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Test improvements at D.C. schools raise questions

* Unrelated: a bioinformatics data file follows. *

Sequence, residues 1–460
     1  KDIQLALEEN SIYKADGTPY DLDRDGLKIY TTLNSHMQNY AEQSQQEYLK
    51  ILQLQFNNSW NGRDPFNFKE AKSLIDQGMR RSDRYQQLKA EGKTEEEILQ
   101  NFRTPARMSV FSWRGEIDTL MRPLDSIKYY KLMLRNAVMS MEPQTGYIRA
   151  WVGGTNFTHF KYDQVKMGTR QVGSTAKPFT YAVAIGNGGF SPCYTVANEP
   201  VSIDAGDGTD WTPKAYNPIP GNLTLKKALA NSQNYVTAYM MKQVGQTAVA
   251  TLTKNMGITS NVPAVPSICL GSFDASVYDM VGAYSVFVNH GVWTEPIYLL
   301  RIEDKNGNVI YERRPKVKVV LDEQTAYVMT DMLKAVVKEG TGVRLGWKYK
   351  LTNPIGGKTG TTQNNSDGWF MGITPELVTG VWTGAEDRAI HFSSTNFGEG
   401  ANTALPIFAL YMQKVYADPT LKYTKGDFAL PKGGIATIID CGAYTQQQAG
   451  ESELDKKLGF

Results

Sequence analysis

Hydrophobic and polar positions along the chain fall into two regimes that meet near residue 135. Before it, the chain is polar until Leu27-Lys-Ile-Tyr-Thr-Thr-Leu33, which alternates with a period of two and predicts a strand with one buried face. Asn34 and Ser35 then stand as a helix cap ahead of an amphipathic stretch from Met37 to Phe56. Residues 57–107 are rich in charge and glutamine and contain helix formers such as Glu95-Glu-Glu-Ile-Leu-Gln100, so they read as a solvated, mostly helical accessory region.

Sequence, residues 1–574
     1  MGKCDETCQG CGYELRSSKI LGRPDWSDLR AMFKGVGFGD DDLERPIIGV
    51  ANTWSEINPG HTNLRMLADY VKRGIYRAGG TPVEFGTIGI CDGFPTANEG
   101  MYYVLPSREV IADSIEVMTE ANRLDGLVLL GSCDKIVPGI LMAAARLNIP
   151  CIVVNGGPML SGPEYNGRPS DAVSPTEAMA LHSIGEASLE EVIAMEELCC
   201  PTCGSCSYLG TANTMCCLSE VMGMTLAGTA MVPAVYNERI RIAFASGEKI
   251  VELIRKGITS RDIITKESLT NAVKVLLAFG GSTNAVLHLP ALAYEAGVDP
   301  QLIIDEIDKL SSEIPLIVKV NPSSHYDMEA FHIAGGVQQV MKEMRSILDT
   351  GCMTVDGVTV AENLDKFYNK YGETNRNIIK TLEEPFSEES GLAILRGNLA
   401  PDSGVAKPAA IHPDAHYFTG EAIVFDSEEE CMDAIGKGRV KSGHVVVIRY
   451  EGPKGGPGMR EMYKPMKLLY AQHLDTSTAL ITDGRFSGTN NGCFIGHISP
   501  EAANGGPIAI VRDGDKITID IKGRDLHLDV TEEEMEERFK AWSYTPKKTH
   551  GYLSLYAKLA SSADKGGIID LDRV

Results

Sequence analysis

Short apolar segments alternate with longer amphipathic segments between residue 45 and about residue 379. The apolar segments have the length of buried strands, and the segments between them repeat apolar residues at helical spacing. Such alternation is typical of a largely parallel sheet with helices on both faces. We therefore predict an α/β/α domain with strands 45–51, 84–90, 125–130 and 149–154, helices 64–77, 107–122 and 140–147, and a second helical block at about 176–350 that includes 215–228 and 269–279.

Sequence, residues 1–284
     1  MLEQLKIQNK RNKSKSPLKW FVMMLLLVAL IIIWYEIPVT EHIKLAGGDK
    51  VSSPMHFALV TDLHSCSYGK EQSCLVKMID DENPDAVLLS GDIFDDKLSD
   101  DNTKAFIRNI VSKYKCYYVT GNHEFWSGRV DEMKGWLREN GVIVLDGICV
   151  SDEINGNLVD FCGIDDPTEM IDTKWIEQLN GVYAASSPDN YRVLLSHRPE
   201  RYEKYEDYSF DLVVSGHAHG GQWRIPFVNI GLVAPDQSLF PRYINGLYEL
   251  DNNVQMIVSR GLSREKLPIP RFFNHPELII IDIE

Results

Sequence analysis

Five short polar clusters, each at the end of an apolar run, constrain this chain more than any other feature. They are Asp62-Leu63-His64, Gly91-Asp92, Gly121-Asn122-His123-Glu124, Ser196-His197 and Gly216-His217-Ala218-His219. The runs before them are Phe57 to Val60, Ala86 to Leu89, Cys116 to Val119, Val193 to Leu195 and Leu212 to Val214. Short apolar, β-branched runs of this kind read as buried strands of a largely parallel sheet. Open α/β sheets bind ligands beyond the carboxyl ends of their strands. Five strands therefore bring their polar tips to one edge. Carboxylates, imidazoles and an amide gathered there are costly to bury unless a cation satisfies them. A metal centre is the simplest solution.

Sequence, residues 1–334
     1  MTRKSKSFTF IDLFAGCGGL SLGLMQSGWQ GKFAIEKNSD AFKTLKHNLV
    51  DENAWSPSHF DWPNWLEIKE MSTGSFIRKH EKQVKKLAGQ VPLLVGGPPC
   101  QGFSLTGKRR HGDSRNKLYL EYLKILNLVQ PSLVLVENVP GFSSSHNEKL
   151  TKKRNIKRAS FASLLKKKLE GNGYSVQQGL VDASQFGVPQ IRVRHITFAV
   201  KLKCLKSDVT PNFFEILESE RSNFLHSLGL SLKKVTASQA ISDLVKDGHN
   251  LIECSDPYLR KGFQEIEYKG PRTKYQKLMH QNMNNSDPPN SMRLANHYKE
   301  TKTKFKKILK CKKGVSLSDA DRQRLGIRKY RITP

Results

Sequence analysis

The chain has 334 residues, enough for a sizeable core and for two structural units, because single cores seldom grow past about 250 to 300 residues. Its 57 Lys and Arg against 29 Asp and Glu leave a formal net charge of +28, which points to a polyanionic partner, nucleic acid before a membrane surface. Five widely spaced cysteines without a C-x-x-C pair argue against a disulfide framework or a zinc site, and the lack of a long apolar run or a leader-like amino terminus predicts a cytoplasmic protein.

A USA Today investigation, based on documents and data secured under D.C.'s Freedom of Information Act, found that for the past three school years most of Crosby S. Noyes Education Campus' classrooms had extraordinarily high numbers of erasures on standardized tests. The consistent pattern was that wrong answers were erased and changed to right ones. Noyes is one of 103 public schools here that have had erasure rates that surpassed D.C. averages at least once since 2008. On the 2009 reading test, for example, seventh-graders in one Noyes classroom averaged 12.7 wrong-to-right erasures per student on answer sheets; the average for seventh-graders in all D.C. schools on that test was less than 1. The odds are better for winning the Powerball grand prize than having that many erasures by chance, according to statisticians consulted by USA Today.

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